Gurry v. Cumberland Farms, Inc.

Decision Date12 February 1990
Citation406 Mass. 615,550 N.E.2d 127
PartiesJohn GURRY, Jr., et al. 1 administrators, 2 v. CUMBERLAND FARMS, INC.
CourtUnited States State Supreme Judicial Court of Massachusetts Supreme Court

Michael Avery, Newton, (Francis Marini, Hanson, with him), for plaintiffs.

DeLane E. Anderson, Jr., Boston, for defendant.


LYNCH, Justice.

The plaintiffs brought this wrongful death action under G.L. c. 229, § 2 (1988 ed.), on the basis of a claim that the negligent design, manufacture and maintenance of a machine by two predecessor corporations of the defendant Cumberland Farms, Inc. (Cumberland), caused Kevin Gurry's death. As a result of the merger of the alleged tortfeasors, only one of which had employed Kevin Gurry, into the new entity, Cumberland, the plaintiffs argue that Cumberland succeeds to their liabilities. G.L. c. 156B, § 80(b ) (1988 ed.). A Superior Court judge granted the defendant's motion for summary judgment, Mass.R.Civ.P. 56(b), 365 Mass. 824 (1974). We allowed the plaintiffs' application for direct appellate review, and now reverse.

The following undisputed facts were before the judge when he granted summary judgment. Kevin Gurry was killed on the job on January 11, 1985, while operating a sanding "buggy" on a cranberry bog owned and operated by the defendant, Cumberland, his employer at the time. The sanding buggy in which Kevin Gurry was killed was one of several constructed around 1983 for the company which then owned and operated the Hanson bog, United Cranberry Growers Associates, Inc. (Cranberry Growers). Cranberry Growers, a Massachusetts corporation, was a wholly-owned subsidiary of Delaware Food Store, Inc., a Delaware holding company. One of Cranberry Growers' sibling subsidiaries was Cumberland Farms Dairy, Inc. (Dairy), a Rhode Island corporation primarily in the business of operating dairy farms and bread bakeries. However, as another part of its function, Dairy provided, for a regularly billed fee, administrative and managerial services to a number of fellow Delaware Food Store subsidiaries, including Cranberry Growers. It was Dairy's vice president of operations, John Peck, who commissioned a local craftsman, William P. O'Donnell, to build the sanding buggies for Cranberry Growers' cranberry bog business in 1983.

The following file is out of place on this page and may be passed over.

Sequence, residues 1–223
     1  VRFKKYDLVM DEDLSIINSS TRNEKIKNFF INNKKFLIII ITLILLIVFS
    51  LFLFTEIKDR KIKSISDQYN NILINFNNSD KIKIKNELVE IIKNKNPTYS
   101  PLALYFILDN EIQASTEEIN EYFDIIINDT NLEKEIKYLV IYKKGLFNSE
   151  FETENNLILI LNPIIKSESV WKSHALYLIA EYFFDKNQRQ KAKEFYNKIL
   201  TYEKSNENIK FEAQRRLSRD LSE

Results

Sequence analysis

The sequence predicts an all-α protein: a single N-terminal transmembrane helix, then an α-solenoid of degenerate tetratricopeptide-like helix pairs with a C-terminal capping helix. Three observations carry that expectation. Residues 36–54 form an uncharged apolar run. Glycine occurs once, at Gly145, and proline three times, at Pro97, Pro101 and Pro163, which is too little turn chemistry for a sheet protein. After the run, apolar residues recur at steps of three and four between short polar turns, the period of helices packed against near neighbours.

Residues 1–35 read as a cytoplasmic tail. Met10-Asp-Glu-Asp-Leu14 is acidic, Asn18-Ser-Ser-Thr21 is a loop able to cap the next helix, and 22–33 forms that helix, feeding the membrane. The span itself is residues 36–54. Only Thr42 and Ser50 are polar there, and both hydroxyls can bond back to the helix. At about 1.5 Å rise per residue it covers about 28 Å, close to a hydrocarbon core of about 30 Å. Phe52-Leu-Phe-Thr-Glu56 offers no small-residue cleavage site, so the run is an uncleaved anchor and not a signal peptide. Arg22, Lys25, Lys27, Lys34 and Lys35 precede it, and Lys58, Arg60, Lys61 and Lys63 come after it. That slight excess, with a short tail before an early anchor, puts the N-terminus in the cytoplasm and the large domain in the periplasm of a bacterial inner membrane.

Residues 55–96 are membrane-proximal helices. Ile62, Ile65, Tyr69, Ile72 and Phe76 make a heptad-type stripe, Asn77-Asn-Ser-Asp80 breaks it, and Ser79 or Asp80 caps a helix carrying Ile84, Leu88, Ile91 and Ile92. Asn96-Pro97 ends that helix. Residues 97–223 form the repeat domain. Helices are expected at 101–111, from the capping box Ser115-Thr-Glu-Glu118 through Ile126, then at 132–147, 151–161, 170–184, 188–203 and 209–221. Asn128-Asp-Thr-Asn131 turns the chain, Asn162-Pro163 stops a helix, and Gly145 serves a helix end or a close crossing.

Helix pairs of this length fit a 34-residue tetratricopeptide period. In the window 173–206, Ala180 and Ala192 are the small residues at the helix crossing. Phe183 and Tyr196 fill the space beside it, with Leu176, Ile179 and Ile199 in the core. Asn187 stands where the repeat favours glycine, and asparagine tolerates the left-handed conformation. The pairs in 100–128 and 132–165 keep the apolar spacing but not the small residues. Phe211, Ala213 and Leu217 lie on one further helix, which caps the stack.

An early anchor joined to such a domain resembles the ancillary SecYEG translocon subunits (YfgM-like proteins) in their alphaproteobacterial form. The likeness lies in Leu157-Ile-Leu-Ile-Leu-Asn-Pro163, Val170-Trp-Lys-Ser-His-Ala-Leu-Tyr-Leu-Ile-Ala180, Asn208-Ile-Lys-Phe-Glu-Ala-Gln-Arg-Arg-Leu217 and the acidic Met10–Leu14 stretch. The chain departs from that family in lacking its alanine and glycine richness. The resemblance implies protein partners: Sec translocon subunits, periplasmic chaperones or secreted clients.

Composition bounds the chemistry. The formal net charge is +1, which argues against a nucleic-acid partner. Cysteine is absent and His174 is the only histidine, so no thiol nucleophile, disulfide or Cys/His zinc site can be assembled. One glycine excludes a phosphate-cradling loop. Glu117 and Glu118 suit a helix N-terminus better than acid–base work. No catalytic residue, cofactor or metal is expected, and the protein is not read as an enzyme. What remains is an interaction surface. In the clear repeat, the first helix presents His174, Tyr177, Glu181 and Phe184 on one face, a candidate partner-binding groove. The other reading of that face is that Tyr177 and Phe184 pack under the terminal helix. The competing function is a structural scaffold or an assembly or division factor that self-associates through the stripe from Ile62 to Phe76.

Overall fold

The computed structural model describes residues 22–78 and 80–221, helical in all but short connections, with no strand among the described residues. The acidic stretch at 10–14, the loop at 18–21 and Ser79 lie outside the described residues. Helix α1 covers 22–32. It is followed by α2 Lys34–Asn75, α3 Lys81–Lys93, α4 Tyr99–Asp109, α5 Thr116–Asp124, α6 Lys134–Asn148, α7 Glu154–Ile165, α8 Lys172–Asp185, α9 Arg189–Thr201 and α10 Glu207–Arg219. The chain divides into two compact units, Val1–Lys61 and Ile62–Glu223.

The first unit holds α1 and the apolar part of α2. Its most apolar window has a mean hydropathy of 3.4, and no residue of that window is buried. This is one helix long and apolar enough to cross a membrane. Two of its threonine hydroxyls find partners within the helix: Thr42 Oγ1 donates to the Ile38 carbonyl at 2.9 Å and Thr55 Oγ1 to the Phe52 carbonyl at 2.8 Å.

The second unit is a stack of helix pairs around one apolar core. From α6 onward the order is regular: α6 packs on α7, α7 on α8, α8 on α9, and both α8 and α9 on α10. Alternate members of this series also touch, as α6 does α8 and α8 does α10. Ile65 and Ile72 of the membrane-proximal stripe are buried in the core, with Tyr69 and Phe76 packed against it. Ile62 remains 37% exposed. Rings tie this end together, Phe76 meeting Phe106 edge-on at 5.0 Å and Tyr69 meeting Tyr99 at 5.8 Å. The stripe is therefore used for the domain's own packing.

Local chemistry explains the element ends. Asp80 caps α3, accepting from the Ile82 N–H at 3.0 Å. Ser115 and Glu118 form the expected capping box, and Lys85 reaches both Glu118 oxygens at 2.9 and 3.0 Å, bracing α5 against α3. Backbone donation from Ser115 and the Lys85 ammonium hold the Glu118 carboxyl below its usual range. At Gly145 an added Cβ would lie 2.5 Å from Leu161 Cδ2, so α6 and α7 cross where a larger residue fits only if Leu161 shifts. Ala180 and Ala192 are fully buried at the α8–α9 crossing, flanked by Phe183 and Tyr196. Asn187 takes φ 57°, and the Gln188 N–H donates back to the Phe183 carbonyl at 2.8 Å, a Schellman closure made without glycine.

Peck selected O'Donnell, communicated with him about the design of the buggy, and gave him a model to follow. No one else directed or had contact with O'Donnell on the buggy construction project. Cranberry Growers paid O'Donnell and supplied him with materials. Peck continued to draw his salary from Dairy and no other source. In its next routine "administration fee" payment to Dairy, Cranberry Growers covered the management services rendered by Peck and other Dairy corporate executives, as well as record keeping services. The payment did not itemize or distinguish the portion that went for Peck's work on the sanding buggy project, as opposed to his and other executives' services on other jobs.

In general, the interrelationship among those corporations existing at the time of the sanding buggy's design and manufacture was rather complex. Essentially, the products of Cranberry Growers and Dairy were sold to the public through the chain of "Cumberland Farms" convenience stores, operated by yet other Delaware Food Store subsidiaries.

The eight or nine sanding buggies built by O'Donnell had been in use for one season when Kevin Gurry was hired to work for Cranberry Growers on March 6, 1984. He continued to be employed by that entity until September 30, 1984. On that day, in accordance with a plan for corporate reorganization, both Cranberry Growers and Dairy merged into Delaware Food Store, which in turn merged into Cumberland, a Delaware corporation created just two weeks earlier. The sanding buggy was owned by Cranberry Growers until that company ceased to exist. Kevin Gurry continued at his job, now employed by Cumberland, until he died on January 11, 1985, on his first morning back at work after having been laid off. Kevin Gurry had never been employed by Dairy.

Cranberry Growers and Dairy, along with thirty-five "owned or controlled subsidiary entities" and shareholders owning fifty percent or more of the Cumberland Farms-Haseotes family related corporations, 3 were named insureds on a single workers' compensation insurance policy. Payments in accordance with G.L. c. 152, § 65, were made by this insurance carrier to the entitled beneficiaries shortly after Kevin Gurry's death.

The plaintiffs originally named Dairy and Cranberry Growers as defendants. After a motion to dismiss was allowed because those entities had ceased to exist, the plaintiffs amended their complaint to name Cumberland.